13 Songs, 1 Hour, 5 Minutes

EDITORS’ NOTES

When Jennifer Warnes recorded this 1987 collection of songs by Leonard Cohen, Cohen’s career was in undeserved decline and Warnes, who served as one of Cohen’s back-up singers in the early ‘70s, had been experiencing great success with a series of country-pop and romantic movie-themed adult-contemporary hits. “First We Take Manhattan” and “Ain’t No Cure for Love” turned out to be previews for Cohen’s comeback album, 1988’s I’m Your Man, and Warnes’ interpretations forced critics to seriously evaluate her as a talented, often overlooked and underrated singer. The arrangements are less quirky than Cohen’s own attempts at mainstream pop. Unlike Judy Collins whose Cohen covers emphasize his solemnity and stick to the songs’ folk roots, Warnes takes a liberal approach, unafraid to turn “Bird On a Wire” into a dance number, or locate the nite-jazz and cinematic heart lurking within the title track, or use guitarists such as Robben Ford and Stevie Ray Vaughan on “Manhattan” to make a grander musical point. Her duet with Cohen on “Joan of Arc” is riveting and grandiose. A classic, impeccably written, arranged, performed, sung, and produced throughout. This 20th Anniversary Edition adds four tracks, including a live version of “Joan of Arc” and a delicate read of “If It Be Your Will.”

EDITORS’ NOTES

When Jennifer Warnes recorded this 1987 collection of songs by Leonard Cohen, Cohen’s career was in undeserved decline and Warnes, who served as one of Cohen’s back-up singers in the early ‘70s, had been experiencing great success with a series of country-pop and romantic movie-themed adult-contemporary hits. “First We Take Manhattan” and “Ain’t No Cure for Love” turned out to be previews for Cohen’s comeback album, 1988’s I’m Your Man, and Warnes’ interpretations forced critics to seriously evaluate her as a talented, often overlooked and underrated singer. The arrangements are less quirky than Cohen’s own attempts at mainstream pop. Unlike Judy Collins whose Cohen covers emphasize his solemnity and stick to the songs’ folk roots, Warnes takes a liberal approach, unafraid to turn “Bird On a Wire” into a dance number, or locate the nite-jazz and cinematic heart lurking within the title track, or use guitarists such as Robben Ford and Stevie Ray Vaughan on “Manhattan” to make a grander musical point. Her duet with Cohen on “Joan of Arc” is riveting and grandiose. A classic, impeccably written, arranged, performed, sung, and produced throughout. This 20th Anniversary Edition adds four tracks, including a live version of “Joan of Arc” and a delicate read of “If It Be Your Will.”

TITLE TIME
3:46
4:42
5:33
8:00
3:21
3:43
3:54
4:52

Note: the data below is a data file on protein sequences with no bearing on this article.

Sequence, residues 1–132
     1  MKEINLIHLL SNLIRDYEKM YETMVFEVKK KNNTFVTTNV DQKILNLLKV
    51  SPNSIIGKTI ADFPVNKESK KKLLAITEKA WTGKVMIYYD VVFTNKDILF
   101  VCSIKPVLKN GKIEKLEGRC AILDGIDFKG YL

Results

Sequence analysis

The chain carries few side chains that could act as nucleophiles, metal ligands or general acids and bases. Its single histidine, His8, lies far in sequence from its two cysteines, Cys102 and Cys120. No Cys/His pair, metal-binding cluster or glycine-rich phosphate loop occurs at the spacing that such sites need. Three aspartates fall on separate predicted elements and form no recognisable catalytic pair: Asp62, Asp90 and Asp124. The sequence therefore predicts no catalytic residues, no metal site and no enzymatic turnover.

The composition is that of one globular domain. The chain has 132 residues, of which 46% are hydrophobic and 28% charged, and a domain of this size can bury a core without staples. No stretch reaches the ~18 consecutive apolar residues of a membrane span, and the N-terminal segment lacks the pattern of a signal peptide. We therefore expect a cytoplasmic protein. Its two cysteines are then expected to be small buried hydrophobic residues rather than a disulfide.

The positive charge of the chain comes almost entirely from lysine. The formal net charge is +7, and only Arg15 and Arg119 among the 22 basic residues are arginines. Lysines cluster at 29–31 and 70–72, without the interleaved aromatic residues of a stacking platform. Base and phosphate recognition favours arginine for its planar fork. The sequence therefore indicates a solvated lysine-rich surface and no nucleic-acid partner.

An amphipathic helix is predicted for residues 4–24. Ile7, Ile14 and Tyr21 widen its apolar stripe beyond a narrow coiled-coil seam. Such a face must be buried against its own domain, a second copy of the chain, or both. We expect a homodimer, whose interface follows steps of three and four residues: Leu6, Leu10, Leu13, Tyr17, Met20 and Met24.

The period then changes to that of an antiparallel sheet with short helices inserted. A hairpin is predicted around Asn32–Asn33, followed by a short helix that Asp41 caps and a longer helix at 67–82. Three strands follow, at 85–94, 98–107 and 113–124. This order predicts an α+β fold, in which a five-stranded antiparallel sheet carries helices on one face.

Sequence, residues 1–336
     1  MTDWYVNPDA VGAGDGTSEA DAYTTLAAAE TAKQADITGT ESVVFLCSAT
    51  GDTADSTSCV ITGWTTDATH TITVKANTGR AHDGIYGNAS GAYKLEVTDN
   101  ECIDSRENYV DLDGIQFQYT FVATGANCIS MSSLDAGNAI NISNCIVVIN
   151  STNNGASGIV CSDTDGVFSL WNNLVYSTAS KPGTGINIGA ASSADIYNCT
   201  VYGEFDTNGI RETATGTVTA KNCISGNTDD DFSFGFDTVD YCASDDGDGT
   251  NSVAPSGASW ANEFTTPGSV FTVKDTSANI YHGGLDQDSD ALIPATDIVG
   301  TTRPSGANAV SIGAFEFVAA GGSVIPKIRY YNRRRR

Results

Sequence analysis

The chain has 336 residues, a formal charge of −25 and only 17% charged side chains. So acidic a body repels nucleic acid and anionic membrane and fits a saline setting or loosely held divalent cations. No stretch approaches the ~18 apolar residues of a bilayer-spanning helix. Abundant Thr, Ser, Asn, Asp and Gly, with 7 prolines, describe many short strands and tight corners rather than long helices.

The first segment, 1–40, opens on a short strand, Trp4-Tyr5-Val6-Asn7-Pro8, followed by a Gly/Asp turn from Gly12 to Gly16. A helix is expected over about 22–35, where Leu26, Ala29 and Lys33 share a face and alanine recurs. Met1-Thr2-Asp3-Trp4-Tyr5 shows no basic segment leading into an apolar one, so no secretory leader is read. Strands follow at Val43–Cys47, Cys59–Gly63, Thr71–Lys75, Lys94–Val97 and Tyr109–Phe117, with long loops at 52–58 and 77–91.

3:40
4:51
8:22
3:08
7:53

About Jennifer Warnes

Jennifer Warnes has succeeded in a number of nearly unrelated areas of popular music -- as a contemporary pop singer, as a country singer, as a singer of movie themes, and as an interpreter of the work of Leonard Cohen. She first came to public notice when she became a regular on the television show The Smothers Brothers Comedy Hour in 1967, under the name Jennifer Warren or simply Jennifer. In 1968, she was part of the original cast of the Los Angeles production of the musical Hair, and she signed to the Parrot Records subsidiary of London Records, which released her debut album, ...I Can Remember Everything. Her second album, See Me, Feel Me, Touch Me, Heal Me, appeared in 1969. Neither album was a commercial success, and she moved on to the Reprise division of Warner Bros. Records, which released Jennifer, produced by John Cale, in 1972. When that album also flopped, Warnes signed on as a backup singer with Leonard Cohen. She joined Arista Records in 1976 and finally registered in the charts in 1977 with "Right Time of the Night," a Top Ten pop hit that reached number one in the easy listening charts and also made the Top 40 in the country charts. It was drawn from her Arista debut album, Jennifer Warnes. The follow-up, Shot Through the Heart (1979), featured "I Know a Heartache When I See One," a Top Ten country and Top 40 pop and easy listening hit. Warnes' next album was an Arista hits compilation, Best of Jennifer Warnes (1982). In July 1982, Island Records released "Up Where We Belong," the love theme from the movie An Officer and a Gentleman, a duet between Warnes and Joe Cocker. She had sung movie themes before, but never with such success: "Up Where We Belong" hit number one and went platinum. Not surprisingly, moviemakers sought her out, and in 1983, she had chart entries with "Nights Are Forever" (from Twilight Zone: The Movie) and the title theme from All the Right Moves, a duet with Chris Thompson In 1986, she became the first signee to the short-lived Cypress Records label, which released her acclaimed Famous Blue Raincoat, an album of Leonard Cohen songs, at the start of 1987. In July of that year, RCA Records released "(I've Had) The Time of My Life," the love theme from the film Dirty Dancing, a duet between Warnes and Bill Medley of the Righteous Brothers. It topped the charts and went gold. Warnes spent five years crafting a follow-up to Famous Blue Raincoat, releasing The Hunter, which featured songs by various writers, herself included, in 1992. Note that Warnes' many label affiliations preclude any compilation from adequately covering her career and that, amazingly enough, neither of her biggest hits is available on a Jennifer Warnes album. In 2001, Warnes decided that she had enough feuding with labels, and her fans were rewarded with her first solo album in nine years. The Well, which was released in 2001, was privately funded and Warnes retained control of the masters, ensuring that she would control the destiny of the album and its songs far into the future. ~ William Ruhlmann

  • ORIGIN
    Seattle, WA
  • BORN
    March 3, 1947

Songs

Albums

Listeners Also Played